Campaign’s fierce rhetoric on Medicare dims hope for a solution, experts say
Many spending hawks in Washington had hoped that Mitt Romney’s selection of leading deficit warrior Paul Ryan as his running mate would open a more candid and sober debate about cutting federal spending.
But the tone of the campaign rhetoric on Medicare — with each party accusing the other of working to destroy the program — has raised concern among longtime deficit-reduction advocates that neither party is preparing the public for what they see as the demographic imperative of curbing Medicare spending.
On Wednesday, Romney accused President Obama of siphoning Medicare dollars to fund his 2010 health-care law, and he promised to restore that money if elected.
Obama countered that he has strengthened the Medicare program and that his Republican challenger would end it.
The back-and-forth worried Robert Bixby, executive director of the Concord Coalition, a nonpartisan group that seeks an end to deficit spending. He said both candidates are undermining efforts to convince the public of the long-term need for Medicare reductions.
“I don’t think it’s off to a very good start, if what we’re looking for is a good, substantive debate on deficit reduction,” he said of the Ryan phase of the campaign. “There are good, legitimate debates we could have about the best way to control Medicare spending. But it quickly descends into charges of robbery and murder.”
Budget experts expect Medicare spending to balloon in the coming decades, as 10,000 baby boomers will turn 65 and become eligible for benefits each day for the next 20 years. The program’s rapid growth is a leading driver behind the growth of the federal deficit.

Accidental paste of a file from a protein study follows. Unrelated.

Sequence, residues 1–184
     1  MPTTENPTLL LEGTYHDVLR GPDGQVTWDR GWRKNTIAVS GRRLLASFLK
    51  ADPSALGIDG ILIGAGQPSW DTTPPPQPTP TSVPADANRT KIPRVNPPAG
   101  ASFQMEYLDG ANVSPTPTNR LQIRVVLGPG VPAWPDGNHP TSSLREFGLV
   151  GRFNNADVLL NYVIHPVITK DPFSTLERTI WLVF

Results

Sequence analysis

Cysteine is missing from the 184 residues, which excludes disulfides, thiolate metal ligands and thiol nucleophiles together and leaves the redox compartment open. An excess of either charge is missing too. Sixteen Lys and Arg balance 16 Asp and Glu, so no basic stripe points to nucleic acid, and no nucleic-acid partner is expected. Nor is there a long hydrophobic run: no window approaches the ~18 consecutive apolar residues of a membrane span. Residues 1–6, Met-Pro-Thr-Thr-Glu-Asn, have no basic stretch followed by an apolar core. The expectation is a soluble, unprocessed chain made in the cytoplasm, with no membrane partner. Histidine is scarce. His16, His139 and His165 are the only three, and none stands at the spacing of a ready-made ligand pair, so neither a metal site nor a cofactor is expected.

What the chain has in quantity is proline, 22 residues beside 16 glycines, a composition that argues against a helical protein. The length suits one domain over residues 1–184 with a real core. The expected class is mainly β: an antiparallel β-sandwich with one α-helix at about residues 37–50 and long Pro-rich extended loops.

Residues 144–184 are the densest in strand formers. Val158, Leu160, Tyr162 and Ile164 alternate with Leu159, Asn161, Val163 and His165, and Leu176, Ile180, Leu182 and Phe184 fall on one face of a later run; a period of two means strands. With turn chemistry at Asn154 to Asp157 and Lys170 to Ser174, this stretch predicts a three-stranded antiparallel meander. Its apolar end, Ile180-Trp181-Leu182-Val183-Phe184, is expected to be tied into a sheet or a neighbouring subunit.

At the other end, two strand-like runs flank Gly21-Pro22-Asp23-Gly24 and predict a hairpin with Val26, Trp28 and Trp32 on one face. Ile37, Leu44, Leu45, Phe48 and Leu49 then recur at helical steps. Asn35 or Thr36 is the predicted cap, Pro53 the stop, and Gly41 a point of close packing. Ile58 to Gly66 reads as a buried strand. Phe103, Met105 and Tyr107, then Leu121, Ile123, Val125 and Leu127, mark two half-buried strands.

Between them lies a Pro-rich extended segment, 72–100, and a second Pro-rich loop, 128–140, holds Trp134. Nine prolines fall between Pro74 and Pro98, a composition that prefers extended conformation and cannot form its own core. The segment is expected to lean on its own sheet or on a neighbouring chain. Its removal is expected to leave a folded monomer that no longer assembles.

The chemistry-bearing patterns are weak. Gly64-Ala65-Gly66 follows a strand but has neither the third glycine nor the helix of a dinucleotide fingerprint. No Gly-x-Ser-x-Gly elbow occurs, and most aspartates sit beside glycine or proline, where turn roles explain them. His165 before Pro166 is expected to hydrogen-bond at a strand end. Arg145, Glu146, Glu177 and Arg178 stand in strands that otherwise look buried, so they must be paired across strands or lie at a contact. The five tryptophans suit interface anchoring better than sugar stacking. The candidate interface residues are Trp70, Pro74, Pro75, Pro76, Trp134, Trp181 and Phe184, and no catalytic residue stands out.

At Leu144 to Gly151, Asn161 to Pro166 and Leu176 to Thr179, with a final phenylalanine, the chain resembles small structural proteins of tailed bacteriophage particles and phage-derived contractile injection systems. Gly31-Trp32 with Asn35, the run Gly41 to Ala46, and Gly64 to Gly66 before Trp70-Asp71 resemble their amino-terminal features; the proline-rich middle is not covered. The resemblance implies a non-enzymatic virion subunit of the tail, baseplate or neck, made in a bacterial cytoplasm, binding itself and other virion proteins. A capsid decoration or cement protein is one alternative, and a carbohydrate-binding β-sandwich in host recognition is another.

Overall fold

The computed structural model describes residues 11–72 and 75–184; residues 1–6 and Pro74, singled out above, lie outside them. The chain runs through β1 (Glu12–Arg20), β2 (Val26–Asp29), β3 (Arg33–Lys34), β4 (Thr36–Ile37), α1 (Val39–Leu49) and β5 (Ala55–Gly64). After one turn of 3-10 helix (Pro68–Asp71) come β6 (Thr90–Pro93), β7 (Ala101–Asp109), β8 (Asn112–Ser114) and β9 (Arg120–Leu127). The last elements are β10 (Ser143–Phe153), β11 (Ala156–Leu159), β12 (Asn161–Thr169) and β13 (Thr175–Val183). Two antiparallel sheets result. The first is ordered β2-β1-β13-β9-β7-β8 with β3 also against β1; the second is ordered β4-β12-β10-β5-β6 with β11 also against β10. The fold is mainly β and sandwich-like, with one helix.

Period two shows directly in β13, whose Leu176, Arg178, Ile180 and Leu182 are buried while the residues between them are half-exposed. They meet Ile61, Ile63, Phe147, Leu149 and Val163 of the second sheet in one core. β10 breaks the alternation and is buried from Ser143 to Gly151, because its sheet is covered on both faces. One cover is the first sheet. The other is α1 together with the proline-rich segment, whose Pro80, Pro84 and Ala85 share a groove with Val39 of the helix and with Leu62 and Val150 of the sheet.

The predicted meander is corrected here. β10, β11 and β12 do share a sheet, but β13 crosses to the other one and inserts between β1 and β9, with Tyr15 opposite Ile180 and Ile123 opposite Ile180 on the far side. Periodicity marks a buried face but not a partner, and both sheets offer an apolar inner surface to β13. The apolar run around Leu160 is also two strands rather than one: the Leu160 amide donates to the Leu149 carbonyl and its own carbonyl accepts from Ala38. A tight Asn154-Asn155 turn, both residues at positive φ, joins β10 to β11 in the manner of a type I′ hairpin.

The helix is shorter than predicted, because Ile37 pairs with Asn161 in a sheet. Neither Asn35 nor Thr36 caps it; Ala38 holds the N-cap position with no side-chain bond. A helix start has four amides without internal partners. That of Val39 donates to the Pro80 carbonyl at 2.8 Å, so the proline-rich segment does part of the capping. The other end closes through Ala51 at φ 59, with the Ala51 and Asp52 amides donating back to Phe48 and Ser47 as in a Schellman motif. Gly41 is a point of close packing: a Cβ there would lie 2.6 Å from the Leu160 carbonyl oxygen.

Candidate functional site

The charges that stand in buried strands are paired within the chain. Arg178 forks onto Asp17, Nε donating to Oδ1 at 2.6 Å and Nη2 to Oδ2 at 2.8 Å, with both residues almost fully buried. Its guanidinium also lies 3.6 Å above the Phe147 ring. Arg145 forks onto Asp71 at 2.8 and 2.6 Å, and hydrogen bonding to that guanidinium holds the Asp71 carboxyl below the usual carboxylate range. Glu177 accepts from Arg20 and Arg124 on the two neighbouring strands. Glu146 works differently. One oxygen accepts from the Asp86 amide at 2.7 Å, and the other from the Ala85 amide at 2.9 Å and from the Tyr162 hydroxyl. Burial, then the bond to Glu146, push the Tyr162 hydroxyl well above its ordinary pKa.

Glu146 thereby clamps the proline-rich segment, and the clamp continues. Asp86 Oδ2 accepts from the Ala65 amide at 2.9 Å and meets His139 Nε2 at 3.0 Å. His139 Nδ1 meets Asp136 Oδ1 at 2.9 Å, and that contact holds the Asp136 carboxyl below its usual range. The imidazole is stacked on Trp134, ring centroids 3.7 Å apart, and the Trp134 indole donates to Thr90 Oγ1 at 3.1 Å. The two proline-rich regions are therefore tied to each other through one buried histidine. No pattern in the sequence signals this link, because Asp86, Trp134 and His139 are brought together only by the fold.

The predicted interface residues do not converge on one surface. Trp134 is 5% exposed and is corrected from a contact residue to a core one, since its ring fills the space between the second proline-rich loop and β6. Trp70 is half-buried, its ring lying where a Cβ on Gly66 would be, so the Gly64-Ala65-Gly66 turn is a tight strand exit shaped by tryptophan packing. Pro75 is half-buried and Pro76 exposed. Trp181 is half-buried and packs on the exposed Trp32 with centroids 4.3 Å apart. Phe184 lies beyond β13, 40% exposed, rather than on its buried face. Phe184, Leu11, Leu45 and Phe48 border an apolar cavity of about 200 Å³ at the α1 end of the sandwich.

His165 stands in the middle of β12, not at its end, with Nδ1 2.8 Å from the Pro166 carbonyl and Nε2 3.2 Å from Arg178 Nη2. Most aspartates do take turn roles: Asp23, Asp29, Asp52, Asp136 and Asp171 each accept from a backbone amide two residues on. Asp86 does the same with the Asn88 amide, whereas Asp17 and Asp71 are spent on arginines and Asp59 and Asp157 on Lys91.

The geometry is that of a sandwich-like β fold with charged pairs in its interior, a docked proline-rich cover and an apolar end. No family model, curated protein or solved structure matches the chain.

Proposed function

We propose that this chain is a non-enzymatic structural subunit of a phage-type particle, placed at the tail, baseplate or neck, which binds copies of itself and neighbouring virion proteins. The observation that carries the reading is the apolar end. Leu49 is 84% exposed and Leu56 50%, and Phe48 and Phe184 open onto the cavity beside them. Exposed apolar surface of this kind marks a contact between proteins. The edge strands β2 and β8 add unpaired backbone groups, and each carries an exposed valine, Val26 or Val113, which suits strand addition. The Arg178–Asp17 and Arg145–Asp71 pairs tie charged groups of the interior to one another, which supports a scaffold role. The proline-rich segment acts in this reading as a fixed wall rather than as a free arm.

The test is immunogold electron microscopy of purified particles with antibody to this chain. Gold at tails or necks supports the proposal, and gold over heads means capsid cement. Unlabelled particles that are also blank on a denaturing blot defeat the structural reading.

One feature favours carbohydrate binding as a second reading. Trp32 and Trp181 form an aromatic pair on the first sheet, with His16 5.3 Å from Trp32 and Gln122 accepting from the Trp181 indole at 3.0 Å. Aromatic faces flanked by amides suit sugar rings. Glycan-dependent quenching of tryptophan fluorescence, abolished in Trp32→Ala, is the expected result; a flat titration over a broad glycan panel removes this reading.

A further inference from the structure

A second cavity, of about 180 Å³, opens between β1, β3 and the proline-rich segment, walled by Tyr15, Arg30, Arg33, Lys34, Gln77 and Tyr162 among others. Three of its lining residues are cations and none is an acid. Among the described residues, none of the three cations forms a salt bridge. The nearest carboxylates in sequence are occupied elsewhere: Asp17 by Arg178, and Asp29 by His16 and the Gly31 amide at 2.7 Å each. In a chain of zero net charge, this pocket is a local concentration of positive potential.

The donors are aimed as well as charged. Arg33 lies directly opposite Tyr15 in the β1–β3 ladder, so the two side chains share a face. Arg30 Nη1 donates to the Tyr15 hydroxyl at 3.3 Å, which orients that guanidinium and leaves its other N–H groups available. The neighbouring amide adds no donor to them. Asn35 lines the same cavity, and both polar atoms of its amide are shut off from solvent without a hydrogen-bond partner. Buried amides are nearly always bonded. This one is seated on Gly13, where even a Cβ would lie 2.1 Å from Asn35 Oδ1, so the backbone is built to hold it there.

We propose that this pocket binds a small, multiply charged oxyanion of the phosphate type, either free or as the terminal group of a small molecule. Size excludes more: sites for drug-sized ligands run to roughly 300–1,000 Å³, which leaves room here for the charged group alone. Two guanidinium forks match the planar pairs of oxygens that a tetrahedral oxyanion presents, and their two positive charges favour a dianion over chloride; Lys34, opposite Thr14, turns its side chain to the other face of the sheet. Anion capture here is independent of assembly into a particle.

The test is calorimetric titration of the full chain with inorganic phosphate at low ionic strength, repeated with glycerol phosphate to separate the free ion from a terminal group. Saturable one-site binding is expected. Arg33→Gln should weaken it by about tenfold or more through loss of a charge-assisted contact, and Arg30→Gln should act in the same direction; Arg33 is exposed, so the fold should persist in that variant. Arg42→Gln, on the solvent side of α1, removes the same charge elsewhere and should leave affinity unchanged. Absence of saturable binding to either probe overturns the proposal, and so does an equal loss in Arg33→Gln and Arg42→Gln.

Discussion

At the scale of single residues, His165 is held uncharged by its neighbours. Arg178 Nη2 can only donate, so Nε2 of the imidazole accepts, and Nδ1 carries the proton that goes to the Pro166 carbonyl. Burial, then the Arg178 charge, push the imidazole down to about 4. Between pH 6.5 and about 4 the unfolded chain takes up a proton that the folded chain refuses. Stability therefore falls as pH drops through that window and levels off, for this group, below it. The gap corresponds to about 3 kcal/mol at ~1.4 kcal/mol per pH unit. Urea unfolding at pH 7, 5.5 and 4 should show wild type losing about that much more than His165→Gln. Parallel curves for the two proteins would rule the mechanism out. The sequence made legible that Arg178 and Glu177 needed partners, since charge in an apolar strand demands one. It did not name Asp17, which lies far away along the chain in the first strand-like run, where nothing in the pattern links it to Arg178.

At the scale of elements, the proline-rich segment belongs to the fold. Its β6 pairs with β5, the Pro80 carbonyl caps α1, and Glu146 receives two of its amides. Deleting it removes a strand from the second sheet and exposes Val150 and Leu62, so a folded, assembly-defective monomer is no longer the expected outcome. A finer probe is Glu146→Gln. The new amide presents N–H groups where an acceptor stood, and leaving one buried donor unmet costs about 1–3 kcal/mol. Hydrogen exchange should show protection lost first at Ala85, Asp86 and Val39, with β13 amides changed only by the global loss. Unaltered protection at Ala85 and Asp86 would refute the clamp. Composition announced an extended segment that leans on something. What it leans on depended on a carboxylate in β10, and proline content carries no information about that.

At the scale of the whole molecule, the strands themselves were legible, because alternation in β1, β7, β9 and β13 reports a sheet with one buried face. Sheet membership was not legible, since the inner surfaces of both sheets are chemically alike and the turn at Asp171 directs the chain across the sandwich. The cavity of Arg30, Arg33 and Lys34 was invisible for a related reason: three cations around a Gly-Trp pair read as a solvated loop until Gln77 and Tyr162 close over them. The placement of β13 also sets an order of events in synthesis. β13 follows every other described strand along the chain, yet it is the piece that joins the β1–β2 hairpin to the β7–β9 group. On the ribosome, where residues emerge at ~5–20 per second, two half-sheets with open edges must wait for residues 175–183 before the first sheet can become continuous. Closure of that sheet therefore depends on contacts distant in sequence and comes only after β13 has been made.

A complex debate has been underway about how to provide seniors the care they need at a cost the government can afford.
But several deficit experts said they worry that the escalating campaign rhetoric about which side is seeking Medicare cuts will damage both parties’ ability to come up with a compromise to reduce costs.
“Everyone knows that Medicare in its current state is unsustainable. There’s not a serious person out there who argues otherwise,” said Steve Bell, economic policy director at the Bipartisan Policy Center. “And we are now starting to have an emotional, distorted, propagandistic debate about it.”
The Democrats’ health-care law aims to curb Medicare spending by reducing payments to hospitals and other providers — not beneficiaries — in part as a trade for reducing hospitals’ costs by cutting millions from the ranks of the uninsured.
In the spending plan he authored as chairman of the House Budget Committee, Ryan proposed to end the health-care law. But he assumed the same cost reductions in Medicare spending as a way to reduce the deficit.
On Wednesday, Romney promised that if elected, he would restore the money to the program as a way to bolster it for current retirees.
“My commitment is, if I become president, I’m going to restore that $716 billion to the Medicare trust fund so that current seniors can know that trust fund is not being raided,” Romney said on CBS News’s “This Morning.”
“And we’re going to make sure and get Medicare on track to be solvent long-term, on a permanent basis.”
Those comments came after Republican National Committee Chairman Reince Priebus said Sunday on NBC’s “Meet the Press” that if anyone has “blood on their hands” in the Medicare debate, it is Obama. “He’s the one that’s destroying Medicare,” he said.
Bixby said Ryan’s budget position is “defensible,” plowing cuts from Medicare into deficit reduction.